Episode 321 - Subtract Then Add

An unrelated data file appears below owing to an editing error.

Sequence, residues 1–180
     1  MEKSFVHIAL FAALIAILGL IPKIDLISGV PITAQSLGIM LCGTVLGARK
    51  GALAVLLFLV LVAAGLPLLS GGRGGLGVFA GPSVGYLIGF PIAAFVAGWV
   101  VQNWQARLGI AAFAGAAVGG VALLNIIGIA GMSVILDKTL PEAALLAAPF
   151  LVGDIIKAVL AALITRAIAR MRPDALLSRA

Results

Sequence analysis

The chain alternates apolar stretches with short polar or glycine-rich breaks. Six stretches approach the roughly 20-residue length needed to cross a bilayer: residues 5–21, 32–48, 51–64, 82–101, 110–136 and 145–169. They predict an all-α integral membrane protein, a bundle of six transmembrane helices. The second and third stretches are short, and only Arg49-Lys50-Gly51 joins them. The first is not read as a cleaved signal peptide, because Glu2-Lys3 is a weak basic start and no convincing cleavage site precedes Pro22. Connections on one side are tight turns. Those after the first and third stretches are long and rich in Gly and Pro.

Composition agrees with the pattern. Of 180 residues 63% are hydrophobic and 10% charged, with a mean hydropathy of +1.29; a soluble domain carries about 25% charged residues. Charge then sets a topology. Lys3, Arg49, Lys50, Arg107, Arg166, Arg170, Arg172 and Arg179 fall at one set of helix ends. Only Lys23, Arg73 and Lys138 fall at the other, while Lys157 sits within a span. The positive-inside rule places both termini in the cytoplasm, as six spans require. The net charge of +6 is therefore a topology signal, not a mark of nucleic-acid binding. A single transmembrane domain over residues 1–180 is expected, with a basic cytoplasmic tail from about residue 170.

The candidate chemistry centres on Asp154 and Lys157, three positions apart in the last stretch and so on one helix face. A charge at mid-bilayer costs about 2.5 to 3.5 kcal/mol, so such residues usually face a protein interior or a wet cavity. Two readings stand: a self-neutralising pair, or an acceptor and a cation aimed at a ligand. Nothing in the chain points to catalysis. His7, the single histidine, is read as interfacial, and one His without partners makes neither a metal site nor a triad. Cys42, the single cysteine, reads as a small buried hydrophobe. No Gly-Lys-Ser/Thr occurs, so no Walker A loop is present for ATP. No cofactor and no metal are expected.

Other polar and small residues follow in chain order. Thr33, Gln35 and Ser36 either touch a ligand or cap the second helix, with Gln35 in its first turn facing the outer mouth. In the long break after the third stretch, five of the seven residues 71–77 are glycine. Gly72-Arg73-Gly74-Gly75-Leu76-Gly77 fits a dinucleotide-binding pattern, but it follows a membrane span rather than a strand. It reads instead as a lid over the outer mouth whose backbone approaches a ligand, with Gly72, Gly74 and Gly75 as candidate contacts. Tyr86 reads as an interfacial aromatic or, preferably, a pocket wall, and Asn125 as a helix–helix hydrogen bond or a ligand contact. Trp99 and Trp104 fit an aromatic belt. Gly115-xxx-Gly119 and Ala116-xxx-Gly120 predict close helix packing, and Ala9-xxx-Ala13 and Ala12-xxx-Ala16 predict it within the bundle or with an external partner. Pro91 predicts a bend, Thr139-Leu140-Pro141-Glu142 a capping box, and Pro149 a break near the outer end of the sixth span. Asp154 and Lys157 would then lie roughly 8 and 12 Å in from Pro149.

I'm finally well enough to reflect, somewhat formally through this new podcast, on the recent illness I went through, and on what I heard at the nadir of it. What happens when you are that sick -- and it happens in some form to everyone who has ever lived except those who die suddenly -- is that your body in its requirement to defend itself wipes out every thought, consideration and proper noun of your life other than what serves the body's need to survive. I mean, the preoccupation of your body with survival wipes out everything else. The word I use for this in the cast is negation. Thus when things were at their worst in the hospital, it was as if everything and everyone in whom I have ever set store disappeared. So total was the focus at that point on physical survival. Except -- except -- except -- two things: 1) I wanted Mary to hold my hand, and 2) I wanted to know where, if anywhere, I was going. ("Going", that is, if my heart stopped and my body died.) Wonderfully, Mary was there, present physically in the room, and she held my hand. Throughout the very threatening test, she held my hand. It was an incomparably precious support -- the difference, I want to say, between getting through it and not getting through it. Moreover, I got an answer to my question about "destination". What came to me, quite loudly and unmistakably, was the "Hallelujah Chorus" from Handel's Messiah. And not only that, but the version of the "Hallelujah Chorus" that comes at the end of The Greatest Story Ever Told (1965). In other words, the music of Hope came to me in my way, in a form with which I could immediately identify. (I always loved the ending of that movie, with Pat Boone as the Angel at the Tomb.) God's Word of Hope came to me from a movie! En bref an experience of severe illness gave me the everlasting connection of Divine Love in the form of Mary's hand gripping mine, and in the words of the "Hallelujah Chorus" from Handel's Messiah. Maybe I should be glad I got sick.